How to Become a Psychologist

psychologist talking with a patient during a session

Psychology can be a rewarding career, as it allows you to serve others by helping them overcome challenges and trauma. If you enjoy interacting with other people, are fascinated by the intricacies of the human mind and have the determination necessary to earn a psychology degree, this field could be a great choice for you. If you are still in high school, there are a few ways to further your career ambitions. Once in college, you should plan to earn an undergraduate and graduate psychology degree. You will put in long hours of hard study and work, but the investment is well worth it for the passionate student.

Identifying What to Do in High School

One important thing to do while still in high school is to meet with your guidance counselor. Discuss your career aspirations and ask how you can adjust your course load to meet your goals. Some high schools offer psychology courses. Some of them even offer AP Psychology courses, which enables you to earn college credits while still in high school.

Even if your high school does not offer a psychology class, you can still prepare to excel in college. Aspiring psychologists benefit from a strong science and mathematics background, so taking advanced courses can be helpful. Biology, chemistry, statistics and physiology are all helpful. Psychologists need to have a strong understanding of human behavior and diverse cultures, so it is also useful to take courses in comparative religions, philosophy and history. Lastly, consider meeting with your language teachers for feedback on your writing skills to prepare for you to take reading and writing-intensive courses in college.

Earning an Undergraduate Psychology Degree

When the time comes to apply for admission to universities, look for a school that offers multiple psychology degree options. If you are uncertain about sure which specialization you have an interest in, a general psychology program can prepare you for your graduate degree or help you decide on which programs to transfer into later.

Although it is important to allot a significant portion of your time to studying and completing your assignments, it is also a good idea to join clubs, sports teams and other activities on campus. These fun activities can introduce you to diverse groups, refine your communication skills and help you start networking.

You can also start looking for internship opportunities. While there may be internships available at local mental health facilities, you can also look for opportunities at hospitals, cultural centers, juvenile intervention programs and research labs. There are three main purposes to working in an internship:

  • Internships let you explore various aspects of your career field, which can help you narrow the focus of your studies.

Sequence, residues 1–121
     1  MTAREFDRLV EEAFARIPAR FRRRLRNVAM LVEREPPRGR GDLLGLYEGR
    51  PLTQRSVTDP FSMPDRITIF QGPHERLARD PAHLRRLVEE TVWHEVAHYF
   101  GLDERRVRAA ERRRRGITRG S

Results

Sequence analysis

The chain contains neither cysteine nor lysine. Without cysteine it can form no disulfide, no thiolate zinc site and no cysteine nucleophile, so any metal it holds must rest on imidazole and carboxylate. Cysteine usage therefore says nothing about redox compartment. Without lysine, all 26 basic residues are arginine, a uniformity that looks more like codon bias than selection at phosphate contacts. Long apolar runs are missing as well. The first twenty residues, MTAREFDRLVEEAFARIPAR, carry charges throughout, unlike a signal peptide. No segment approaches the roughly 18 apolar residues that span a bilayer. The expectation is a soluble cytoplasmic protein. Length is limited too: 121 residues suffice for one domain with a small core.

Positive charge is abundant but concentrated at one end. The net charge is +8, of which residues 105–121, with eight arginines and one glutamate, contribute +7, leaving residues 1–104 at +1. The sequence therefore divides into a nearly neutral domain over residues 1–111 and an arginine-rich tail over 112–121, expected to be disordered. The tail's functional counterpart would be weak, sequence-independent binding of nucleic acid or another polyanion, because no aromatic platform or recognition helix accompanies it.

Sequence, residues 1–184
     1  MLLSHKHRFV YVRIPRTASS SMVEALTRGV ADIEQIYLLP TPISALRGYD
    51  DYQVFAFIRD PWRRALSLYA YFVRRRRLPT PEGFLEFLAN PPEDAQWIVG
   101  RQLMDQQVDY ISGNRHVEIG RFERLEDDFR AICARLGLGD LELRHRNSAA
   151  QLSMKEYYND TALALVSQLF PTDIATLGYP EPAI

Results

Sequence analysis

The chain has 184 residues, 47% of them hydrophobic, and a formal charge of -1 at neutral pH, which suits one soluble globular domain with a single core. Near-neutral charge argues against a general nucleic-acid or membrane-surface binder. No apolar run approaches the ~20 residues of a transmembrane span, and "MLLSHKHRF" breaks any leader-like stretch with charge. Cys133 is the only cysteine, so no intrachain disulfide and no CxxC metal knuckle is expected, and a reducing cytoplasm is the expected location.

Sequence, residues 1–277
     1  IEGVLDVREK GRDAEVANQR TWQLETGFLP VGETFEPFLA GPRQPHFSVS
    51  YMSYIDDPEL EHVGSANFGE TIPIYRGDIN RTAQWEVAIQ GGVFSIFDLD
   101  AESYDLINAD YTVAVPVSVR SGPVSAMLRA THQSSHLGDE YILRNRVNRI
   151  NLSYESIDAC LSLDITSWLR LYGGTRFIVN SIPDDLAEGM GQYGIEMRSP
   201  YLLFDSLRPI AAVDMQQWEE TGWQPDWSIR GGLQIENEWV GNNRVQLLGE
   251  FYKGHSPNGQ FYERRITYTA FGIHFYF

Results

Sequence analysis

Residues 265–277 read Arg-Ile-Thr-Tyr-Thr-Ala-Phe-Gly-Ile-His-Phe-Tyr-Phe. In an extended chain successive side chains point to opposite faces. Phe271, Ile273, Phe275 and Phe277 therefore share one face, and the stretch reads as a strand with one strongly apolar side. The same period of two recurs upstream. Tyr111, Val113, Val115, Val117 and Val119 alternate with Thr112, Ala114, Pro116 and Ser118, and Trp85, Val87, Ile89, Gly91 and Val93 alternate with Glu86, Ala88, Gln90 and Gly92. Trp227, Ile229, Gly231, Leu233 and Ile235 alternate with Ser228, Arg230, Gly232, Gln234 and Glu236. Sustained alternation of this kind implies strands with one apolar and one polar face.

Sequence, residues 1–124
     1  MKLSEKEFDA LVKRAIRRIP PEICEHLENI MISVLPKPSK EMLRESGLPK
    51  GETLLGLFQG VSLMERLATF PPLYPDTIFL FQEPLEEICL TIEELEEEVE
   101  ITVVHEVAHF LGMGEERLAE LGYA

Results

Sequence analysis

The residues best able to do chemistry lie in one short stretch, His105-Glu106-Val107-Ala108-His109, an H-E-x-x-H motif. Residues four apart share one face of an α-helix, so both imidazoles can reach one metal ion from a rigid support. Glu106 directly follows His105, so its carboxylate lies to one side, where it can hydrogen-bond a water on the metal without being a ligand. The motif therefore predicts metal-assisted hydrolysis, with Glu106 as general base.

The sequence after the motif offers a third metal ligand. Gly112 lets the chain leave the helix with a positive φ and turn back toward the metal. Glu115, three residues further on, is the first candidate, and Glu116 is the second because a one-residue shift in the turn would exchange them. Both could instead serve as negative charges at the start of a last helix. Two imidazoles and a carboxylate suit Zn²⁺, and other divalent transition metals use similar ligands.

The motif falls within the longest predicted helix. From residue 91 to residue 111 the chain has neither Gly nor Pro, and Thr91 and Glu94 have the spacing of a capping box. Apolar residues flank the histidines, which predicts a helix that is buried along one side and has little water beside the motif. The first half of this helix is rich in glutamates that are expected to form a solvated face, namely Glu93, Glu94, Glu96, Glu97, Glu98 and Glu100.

• An internship experience will improve your curriculum vitae (CV).
  • Internships build your professional network, which may allow you to land a job more easily after graduation.

Earning Your Master’s in Psychology

To work with mental health clients, you must earn a master’s or doctorate degree. Before applying to a program, you should carefully research the licensure and certification requirements for the state in which you plan to practice. Your state may require you to earn a doctoral degree and obtain licensing to qualify as a clinical psychologist. However, all states do allow practitioners with a master’s degree and credentialing to practice independently, if they use a title like therapist, counselor or social worker, rather than psychologist. It is important to understand potential licensure and certifications for these titles too. If you decide that earning a master’s degree is your best option, you can expect to study for two to three more years depending on your schedule. Master’s degree programs that require a thesis may take longer to complete.

Working Toward a Doctoral Degree

If you decide to earn a doctoral degree in the field of psychology, then you can expect several years of study and research. Doctoral students choose an independent research project that makes an original contribution to the field. This research project culminates in a dissertation. Choose a topic area that you are passionate about and that is aligned with the psychology specialization or patient population you wish to work with. The personal nature of your dissertation research degree program means that your program could take as few as two years or over four.

Your path to becoming a fully qualified psychologist begins at Grand Canyon University. The College of Humanities and Social Sciences offers multiple degree options for aspiring psychologists. Begin by enrolling in the Bachelor of Science in Psychology degree program, or choose from one of our specialization options. Upon graduation, apply to earn your graduate degree at GCU. In addition to the Master of Science in Psychology with an Emphasis in General Psychology, our other specialization options include forensic psychology, geropsychology and health psychology. To learn more about the College of Humanities and Social Sciences and our programs, visit our website or click on the Request Info button on this page.

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